by Kim Childs, CPPC
I’d heard about this exercise from author Louise Hay, who advocates positive self-talk and affirmations for physical and emotional healing. “You have been criticizing yourself for years, and it hasn’t worked,” Hay once wrote. “Try approving of yourself and see what happens.”
And so I did, and that’s when I discovered that my inner critic can be surprisingly alert and vocal at 7 a.m.
In general, I treat myself well, appreciate my abilities and strengths, and practice good self-care as a coach and teacher who aims to walk her talk. A recent year of intense personal challenges grew my self-compassion and self-forgiveness, and my training in Positive Psychology helps me to dispute and transform pessimistic thoughts. Nonetheless, some days I found it surprisingly hard to unconditionally love myself as I faced that mirror.
This was especially true when I focused on wrinkles, recalled regrettable words or actions, or felt inadequate or guilty for not doing more to realize my goals. Some days, “I love you” was followed by such phrases as “and I forgive you…you’re doing the best you can…you can do better today…you have a good heart and good intentions…you’ve helped many people…you do important work in the world…and (fill in the blank) loves you, too.”
While this might recall the ridiculous Stuart Smalley from Saturday Night Live, Stuart (aka actor Al Franken) went on to become a U.S. senator, so perhaps he was doing something right after all.
Some mornings, this practice boosted my mood for the whole day.
“In order to thrive in life we have to find a way to regard ourselves with respect and some consistent positive self-regard,” says Kripalu Center faculty member Maria Sirois. “For many of us, this is challenging, as we have grown into the habit of self-criticism or even self-loathing and it may seem impossible to find a way back to loving and forgiving ourselves for not being perfect.”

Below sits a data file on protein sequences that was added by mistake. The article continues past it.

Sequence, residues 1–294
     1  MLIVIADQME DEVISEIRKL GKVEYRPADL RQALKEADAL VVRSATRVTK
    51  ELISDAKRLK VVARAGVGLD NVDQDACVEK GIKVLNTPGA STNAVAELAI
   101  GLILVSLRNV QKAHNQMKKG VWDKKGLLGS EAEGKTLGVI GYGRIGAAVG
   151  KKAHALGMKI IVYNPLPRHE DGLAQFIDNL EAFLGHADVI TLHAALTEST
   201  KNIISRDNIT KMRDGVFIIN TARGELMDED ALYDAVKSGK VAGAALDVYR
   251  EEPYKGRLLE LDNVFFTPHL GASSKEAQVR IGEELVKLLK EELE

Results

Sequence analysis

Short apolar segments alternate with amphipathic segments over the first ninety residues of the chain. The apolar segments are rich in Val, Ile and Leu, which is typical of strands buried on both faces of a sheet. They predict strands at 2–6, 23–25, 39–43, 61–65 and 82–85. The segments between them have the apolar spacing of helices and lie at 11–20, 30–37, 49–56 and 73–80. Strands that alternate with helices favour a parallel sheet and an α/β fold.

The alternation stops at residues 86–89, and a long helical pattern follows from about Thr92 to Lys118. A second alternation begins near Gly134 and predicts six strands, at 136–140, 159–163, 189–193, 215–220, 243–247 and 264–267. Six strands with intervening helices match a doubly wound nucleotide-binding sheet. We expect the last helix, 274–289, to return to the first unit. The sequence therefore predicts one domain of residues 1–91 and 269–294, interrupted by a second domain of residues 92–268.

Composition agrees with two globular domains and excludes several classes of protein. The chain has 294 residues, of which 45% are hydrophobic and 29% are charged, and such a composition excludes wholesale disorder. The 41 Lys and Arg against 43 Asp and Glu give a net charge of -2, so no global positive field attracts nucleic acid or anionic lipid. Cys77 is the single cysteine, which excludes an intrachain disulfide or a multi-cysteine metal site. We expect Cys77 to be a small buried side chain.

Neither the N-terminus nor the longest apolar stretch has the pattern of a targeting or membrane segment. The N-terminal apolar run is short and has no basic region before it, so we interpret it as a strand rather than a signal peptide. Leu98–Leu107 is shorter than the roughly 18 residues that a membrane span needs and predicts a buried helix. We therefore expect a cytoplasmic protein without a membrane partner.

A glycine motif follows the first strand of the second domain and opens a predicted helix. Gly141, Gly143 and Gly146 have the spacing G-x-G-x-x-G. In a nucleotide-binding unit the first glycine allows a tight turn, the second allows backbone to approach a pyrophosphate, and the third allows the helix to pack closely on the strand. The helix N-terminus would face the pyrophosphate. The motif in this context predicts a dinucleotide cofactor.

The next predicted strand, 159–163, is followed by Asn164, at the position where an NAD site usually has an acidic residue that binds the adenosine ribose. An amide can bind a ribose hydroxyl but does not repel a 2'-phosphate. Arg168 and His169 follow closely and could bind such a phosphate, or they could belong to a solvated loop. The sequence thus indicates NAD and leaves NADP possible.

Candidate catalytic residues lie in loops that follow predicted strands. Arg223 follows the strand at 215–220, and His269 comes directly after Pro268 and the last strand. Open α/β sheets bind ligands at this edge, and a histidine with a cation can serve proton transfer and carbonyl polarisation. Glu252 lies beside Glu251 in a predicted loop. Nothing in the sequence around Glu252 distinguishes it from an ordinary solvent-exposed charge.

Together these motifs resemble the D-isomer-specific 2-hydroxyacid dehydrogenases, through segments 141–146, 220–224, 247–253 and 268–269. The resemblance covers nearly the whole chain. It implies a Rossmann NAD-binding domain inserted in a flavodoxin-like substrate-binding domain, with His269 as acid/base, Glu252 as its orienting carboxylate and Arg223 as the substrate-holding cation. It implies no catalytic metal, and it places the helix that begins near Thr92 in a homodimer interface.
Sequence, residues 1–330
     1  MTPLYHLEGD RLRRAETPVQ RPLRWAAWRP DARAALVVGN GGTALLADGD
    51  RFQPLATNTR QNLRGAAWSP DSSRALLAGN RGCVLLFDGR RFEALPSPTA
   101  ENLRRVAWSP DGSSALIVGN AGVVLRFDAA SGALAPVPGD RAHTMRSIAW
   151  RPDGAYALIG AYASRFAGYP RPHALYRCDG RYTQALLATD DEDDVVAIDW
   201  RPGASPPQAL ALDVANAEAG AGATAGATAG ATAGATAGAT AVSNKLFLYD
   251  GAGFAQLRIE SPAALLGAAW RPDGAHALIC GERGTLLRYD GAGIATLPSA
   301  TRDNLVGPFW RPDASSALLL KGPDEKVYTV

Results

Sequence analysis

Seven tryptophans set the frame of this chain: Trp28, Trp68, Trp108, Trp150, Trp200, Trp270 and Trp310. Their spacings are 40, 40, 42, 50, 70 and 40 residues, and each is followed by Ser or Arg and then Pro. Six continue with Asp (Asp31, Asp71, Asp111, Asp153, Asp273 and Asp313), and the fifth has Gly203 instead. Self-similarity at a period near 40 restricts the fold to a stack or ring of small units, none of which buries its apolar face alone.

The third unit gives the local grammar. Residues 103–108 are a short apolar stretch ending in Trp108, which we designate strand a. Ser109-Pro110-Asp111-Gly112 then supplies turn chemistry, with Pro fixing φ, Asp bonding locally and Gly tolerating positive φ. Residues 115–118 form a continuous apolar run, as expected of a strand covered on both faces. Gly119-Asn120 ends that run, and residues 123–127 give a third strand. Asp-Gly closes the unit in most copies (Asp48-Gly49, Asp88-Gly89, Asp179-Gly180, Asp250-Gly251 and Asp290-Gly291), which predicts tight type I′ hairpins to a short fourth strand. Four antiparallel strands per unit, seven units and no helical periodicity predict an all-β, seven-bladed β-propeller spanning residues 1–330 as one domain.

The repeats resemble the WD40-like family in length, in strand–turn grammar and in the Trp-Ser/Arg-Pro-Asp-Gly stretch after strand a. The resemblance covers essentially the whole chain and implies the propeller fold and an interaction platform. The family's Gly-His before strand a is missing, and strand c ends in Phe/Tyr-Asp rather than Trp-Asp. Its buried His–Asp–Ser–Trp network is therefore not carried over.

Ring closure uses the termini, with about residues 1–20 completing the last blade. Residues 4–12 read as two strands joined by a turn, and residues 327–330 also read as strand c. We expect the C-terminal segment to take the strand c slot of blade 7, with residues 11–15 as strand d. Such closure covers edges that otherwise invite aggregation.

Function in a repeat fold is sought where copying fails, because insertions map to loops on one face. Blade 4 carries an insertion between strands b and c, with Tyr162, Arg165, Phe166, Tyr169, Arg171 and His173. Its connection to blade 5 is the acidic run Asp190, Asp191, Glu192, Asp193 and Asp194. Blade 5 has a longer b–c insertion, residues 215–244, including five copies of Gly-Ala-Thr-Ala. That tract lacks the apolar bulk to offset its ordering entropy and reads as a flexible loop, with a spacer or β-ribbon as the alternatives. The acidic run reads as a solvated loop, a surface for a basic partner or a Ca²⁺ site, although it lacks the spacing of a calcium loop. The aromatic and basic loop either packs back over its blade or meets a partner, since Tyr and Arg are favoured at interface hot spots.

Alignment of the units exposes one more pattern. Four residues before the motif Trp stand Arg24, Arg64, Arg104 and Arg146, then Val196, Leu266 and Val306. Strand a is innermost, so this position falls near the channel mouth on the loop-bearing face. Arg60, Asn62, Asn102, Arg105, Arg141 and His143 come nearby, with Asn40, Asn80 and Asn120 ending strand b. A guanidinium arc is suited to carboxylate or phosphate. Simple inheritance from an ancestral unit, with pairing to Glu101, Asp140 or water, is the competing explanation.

Sirois says the journey toward greater positive self-regard is one of small steps, taken each day to actively practice some form of self-love. “It might look like being honest about what we want to do with our free time and who we really want to spend it with,” she says. “It might mean saying no to old habits, such as watching hours of TV each night, and yes to reading, dancing or meditating.”
Having also done the mirror exercise in her 20s, Sirois reports, “That practice became the foundation of learning to put myself in the equation of my own life—not to negate the importance of others, but to include myself in the formula of my days and balance that with care for others.”
Friends who joined my 30-day challenge on Facebook added personalized mantras and affirmations, and drew lipstick hearts on the mirror. A colleague shared that he began a self-love practice several years ago to overcome harsh self-criticism, and it worked. “I did this religiously every night for at least half a year, saying, ‘I appreciate you, I respect you, I love you,’” he recalls. “At some point, I noticed the internal harshness had abated, and it was okay to stop because the result I sought had been achieved.”
When I talk about self-love with students and clients, I often get blank looks, complaints that it’s too hard, or protests that it’s more important to love and care for others. Christine Arylo, co-author of Reform Your Inner Mean Girl, says that we should consider love an inexhaustible resource, whether directed at ourselves or others. “There is an infinite supply of love and, the more you love yourself, the more capable and free you are to unconditionally love others,” she says. “If you are taking care of everyone else’s needs and sacrificing what you need and desire over and over again, you will become resentful, depleted, or angry—the opposites of love.”
To strengthen self-love, Arylo says we can first become aware of where we’re weak or strong in loving ourselves. “For example, you may be strong in self-esteem and weak in self-respect, so you’re a super star at work and a disaster in your love life,” she explains. “Or perhaps you’re strong in self-empowerment but weak in self-care, so you manifest your dreams but you do so at the cost of your health.”
Arylo recommends selecting one aspect of self-love to grow at a time, and making choices that support it. If you choose self-care, do something each day to treat yourself well. If you want to boost self-esteem, take one small risk a day. To grow self-respect, act with integrity.
As for me, I plan to continue this practice of honoring and encouraging myself each morning. I’ll also keep doing my part to ensure that I can rest my head easily on the pillow each night.
Kim Childs is a Certified Positive Psychology Life, Career and Wellness Coach. Click here to learn more and schedule a free initial consultation in person or over the phone.